MNB Base Rate Significantly Negative in Real Terms
As CPI-inflation rose to 2.3% in January, the MNB base rate has turned significantly negative in real terms. And inflation is expected to rise further, even if at moderate speed, throughout 2017-2018. As a result, central bank policy in the forthcoming period will have to be determined mainly by how yield-hungry domestic investors will react to this situation. But the reaction is difficult to calculate, as real-terms negative central bank interest rates are essentially unprecedented on the local financial market.
In itself, the marked rise of inflation in recent months is unlikely to prompt early monetary tightening. This surge was largely in line with the MNB’s latest quarterly forecast, which attributed it mainly to rising energy prices, and expected inflation to level off well below the Bank’s medium-term target in H2 2017. In addition, the balance of payments remains rather strong, so that the MNB still needs to worry about the strong forint. Of course, the MNB, and private sector analysts for that matter, might easily underestimate the inflationary impact of rapidly increasing domestic wages.
Preliminary Q4 GDP reflected moderately decelerating growth, in line with the recent monthly output and demand data. According to the latter, the sources of this weakness included manufacturing, construction and consumer demand. We maintain that higher growth would require more fixed investment, less rapid wage growth and a weaker forint, and we are presenting new evidence on the adequacy of the existing stock of fixed assets, and on export prices. The growth impact of the massive wage hikes carried out in January remains to be seen, of course, but the odds remain that growth will likely undershoot official expectations, together with overshooting inflation, in 2017-2018.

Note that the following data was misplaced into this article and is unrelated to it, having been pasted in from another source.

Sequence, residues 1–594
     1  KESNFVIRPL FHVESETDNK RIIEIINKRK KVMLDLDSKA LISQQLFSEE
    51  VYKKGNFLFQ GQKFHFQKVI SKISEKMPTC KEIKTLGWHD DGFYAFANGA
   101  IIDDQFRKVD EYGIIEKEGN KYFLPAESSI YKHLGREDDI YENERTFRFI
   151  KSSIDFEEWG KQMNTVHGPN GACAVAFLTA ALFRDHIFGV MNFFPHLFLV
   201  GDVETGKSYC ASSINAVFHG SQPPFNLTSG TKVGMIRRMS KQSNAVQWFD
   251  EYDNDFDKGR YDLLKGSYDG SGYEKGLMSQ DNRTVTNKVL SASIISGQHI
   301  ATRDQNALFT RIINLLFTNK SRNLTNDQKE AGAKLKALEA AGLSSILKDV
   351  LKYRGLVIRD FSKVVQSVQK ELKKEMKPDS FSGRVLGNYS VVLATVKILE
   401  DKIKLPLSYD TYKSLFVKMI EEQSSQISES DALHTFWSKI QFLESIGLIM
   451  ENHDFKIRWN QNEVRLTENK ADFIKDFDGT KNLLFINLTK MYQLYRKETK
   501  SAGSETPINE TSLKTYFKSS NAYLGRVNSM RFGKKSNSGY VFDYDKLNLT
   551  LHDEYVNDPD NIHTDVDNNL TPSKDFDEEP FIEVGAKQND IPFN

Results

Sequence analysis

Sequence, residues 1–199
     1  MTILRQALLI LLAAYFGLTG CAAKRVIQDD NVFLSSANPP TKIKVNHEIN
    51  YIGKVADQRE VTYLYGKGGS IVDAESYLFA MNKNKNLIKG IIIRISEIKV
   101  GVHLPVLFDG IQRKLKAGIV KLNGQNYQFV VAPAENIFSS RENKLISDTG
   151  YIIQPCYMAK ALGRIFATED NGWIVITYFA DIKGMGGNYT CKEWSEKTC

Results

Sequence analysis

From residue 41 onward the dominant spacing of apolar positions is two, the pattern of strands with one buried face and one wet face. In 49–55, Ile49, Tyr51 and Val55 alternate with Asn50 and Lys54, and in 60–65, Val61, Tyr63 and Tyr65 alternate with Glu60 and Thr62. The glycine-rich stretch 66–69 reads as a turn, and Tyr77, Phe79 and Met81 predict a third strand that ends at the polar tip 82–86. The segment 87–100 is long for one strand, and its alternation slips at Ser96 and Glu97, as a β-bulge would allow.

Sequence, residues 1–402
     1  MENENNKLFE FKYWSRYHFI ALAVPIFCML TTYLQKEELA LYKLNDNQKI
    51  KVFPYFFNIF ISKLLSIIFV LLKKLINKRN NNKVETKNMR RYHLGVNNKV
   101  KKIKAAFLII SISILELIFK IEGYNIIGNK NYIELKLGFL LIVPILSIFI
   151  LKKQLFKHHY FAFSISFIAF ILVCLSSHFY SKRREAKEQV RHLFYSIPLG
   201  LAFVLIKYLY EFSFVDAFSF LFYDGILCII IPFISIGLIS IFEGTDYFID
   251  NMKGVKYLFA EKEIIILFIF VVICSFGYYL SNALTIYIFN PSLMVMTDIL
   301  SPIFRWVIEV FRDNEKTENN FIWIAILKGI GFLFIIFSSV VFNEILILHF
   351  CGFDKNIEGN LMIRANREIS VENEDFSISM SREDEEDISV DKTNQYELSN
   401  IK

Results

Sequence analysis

The massive fiscal spending seen in December turned the annual cash budget back into deficit, yet it still left behind marked improvement compared to 2015 figures. Based on net financing requirement data, the ESA2010 balance may have also improved slightly. The government’s gross debt ratio fell again in 2016, and the Treasury’s cash reserves were run down much less in December than in the window-dressing operations seen in previous years. In January, the cash budget recorded the biggest ever first-month surplus, most probably supported by one-off revenue from land privatization. Despite the expected genuinely loose fiscal policy, the government is likely to remain cash-rich throughout this year, in view of big reimbursements due from the EU.
Whether or not the government will issue an FX bond on the international market this year remains an open question. In a staff paper published in early February, the MNB argued against such an issue, claiming that a new FX bond would be neither necessary nor favorable. However, Economy Minister Varga reacted by saying that establishing a new market benchmark following last year’s credit upgrades may be favorable, and it could be a mistake to exclude such an option right at the outset of the year.
Domestic politics remain unchanged, as regards the big picture, Fidesz firmly leading the polls, the radical right falling behind again after their temporary success last autumn, and leftist-liberal parties being spectacularly unable to forge a coalition for the 2018 elections. Some fresh air in this boring environment has been a recent initiative to hold a referendum in Budapest on the government’s existing bid for the 2024 Olympic Games, by a new political group of young intellectuals, who potentially could grow into an alternative force on the back of this initiative, refreshing the existing, somewhat worn-out domestic party structure.
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